September 2, 2010

Zeppos outlines initiative to increase endowed chairs

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Chancellor Nicholas S. Zeppos, left, presents John Oates, M.D., with the Sutherland Prize at last week’s Fall Faculty Assembly. (photo by Steve Green)

Zeppos outlines initiative to increase endowed chairs

Vanderbilt will invest substantial resources over the next few years to its faculty, announced Chancellor Nicholas S. Zeppos at last week's Fall Faculty Assembly.

This will include $15 million per year toward attracting new faculty and the creation of 60 new endowed faculty chairs.

“No one knows better than you the importance of a university's ability to award endowed faculty chairs,” Zeppos told faculty gathered in the Student Life Center. “They are the gold standard for acknowledging faculty achievement and distinction and are essential to building a world-class faculty.”

The new endowed chairs will be added over the next two years, bringing the total number of endowed chairs at Vanderbilt to 267, Zeppos announced.

A committee of leading faculty will help recruit new faculty. Zeppos said that Vanderbilt's robust financial performance during the economic turndown had resulted in an opportunity to aggressively pursue scholarly talent.

“We must be cautious about our own vulnerabilities, but we should not shrink from the fact that, as other universities struggle, we will be … presented with rare faculty hiring opportunities across all disciplines,” Zeppos said.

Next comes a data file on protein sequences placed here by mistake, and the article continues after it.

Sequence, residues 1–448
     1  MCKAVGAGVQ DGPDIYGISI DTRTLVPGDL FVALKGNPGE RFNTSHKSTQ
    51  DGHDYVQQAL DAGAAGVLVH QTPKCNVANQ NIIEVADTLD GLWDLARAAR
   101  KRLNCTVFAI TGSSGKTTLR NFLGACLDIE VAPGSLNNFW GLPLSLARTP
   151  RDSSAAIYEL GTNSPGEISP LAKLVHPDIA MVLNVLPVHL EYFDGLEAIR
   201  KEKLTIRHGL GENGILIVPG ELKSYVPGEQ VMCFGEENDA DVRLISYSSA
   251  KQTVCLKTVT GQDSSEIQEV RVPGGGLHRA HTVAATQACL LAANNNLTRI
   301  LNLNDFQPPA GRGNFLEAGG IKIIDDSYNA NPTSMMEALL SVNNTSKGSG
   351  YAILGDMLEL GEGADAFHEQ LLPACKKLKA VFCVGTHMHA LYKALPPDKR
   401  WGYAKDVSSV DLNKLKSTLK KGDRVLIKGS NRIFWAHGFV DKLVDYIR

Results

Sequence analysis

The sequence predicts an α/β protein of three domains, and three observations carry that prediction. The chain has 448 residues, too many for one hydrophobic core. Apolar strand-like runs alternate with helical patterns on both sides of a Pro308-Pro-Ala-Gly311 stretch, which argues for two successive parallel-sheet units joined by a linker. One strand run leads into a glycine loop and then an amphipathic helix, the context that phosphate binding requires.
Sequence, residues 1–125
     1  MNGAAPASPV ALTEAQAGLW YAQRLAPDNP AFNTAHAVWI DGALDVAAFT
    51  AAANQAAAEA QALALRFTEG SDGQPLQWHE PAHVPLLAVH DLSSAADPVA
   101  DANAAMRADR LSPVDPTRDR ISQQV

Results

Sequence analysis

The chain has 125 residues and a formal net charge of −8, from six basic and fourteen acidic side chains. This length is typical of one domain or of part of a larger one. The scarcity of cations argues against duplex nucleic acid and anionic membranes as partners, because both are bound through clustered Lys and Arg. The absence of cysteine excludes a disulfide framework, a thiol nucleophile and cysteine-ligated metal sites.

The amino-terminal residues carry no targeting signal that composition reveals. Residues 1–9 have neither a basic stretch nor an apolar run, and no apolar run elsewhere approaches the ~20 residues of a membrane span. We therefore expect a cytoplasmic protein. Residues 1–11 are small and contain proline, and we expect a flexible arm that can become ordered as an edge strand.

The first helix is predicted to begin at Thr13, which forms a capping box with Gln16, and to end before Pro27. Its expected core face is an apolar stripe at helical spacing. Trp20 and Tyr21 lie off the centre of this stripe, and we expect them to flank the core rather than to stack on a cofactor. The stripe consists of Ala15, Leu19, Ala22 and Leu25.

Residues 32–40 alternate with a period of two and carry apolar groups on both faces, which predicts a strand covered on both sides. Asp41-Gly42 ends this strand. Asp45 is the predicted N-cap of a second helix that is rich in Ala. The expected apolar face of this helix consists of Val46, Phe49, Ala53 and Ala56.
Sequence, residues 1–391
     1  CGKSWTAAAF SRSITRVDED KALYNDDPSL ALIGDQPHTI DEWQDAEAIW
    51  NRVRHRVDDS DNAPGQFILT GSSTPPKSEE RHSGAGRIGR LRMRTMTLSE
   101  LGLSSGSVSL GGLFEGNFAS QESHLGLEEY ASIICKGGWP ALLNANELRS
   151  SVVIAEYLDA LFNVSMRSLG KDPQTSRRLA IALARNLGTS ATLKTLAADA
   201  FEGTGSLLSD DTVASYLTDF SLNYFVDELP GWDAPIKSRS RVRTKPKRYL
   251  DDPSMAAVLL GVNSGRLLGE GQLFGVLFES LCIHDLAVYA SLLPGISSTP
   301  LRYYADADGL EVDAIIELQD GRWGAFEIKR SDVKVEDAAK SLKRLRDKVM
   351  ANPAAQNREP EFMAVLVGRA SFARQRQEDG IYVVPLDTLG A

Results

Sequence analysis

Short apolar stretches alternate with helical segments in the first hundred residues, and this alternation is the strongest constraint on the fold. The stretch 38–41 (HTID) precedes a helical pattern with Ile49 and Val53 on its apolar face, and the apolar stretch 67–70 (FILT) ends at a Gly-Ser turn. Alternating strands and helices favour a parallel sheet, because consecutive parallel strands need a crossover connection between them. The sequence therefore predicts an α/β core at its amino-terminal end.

“We will be successful only if, as in the past, you are the ones who help us identify, recruit and evaluate these exceptional possibilities.”

Vanderbilt is achieving “exceptional” financial results given the economy, Zeppos said.

Research funding increased 17 percent to $613 million and more than $117 million in philanthropic gifts were received in the financial year that ended in June.

Zeppos said that in addition to the faculty, spending priorities include maintenance of campus buildings, building up “rainy day” funds and capital building projects including Kissam Quadrangle, two new residential colleges, a new Life Sciences and Engineering Building and an addition to the Monroe Carell Jr. Children's Hospital at Vanderbilt.
Concerns include the national debt, he said.

“Almost 82 percent of our research funding comes from the federal budget,” Zeppos said.

“There is no way to look at that number without at least a small shudder, knowing that the current trajectory of American debt is not sustainable. Whatever solutions are hammered out, they are sure to affect research funding.”

Zeppos said that the administration was “aggressively pursuing ways to assure our continued research prominence.”
Several awards were presented at the meeting.

 John Oates, M.D., Thomas A. Frist Sr. Professor of Medicine and professor of Pharmacology, was named the winner of the Sutherland Prize for achievement in research.

• Virginia Scott, professor of French, won the Thomas Jefferson Award for distinguished service to Vanderbilt.”

Among those presented Chancellors' Awards for Research were:

Björn Knollman, M.D., Ph.D., associate professor of Pharmacology, School of Medicine, for his 2009 paper in Nature Medicine entitled, “Flecanide prevents catecholaminergic polymorphic ventricular tachycardia in mice and humans.” Catecholaminergic polymorphic ventricular tachycardia is a cardiac arrhythmia that can lead to sudden death.

Charles Sanders, Ph.D., professor of Biochemistry, School of Medicine, for his paper, published in Science in 2009, “Solution nuclear magnetic resonance structure of membrane-integral diacylglycerol kinase.”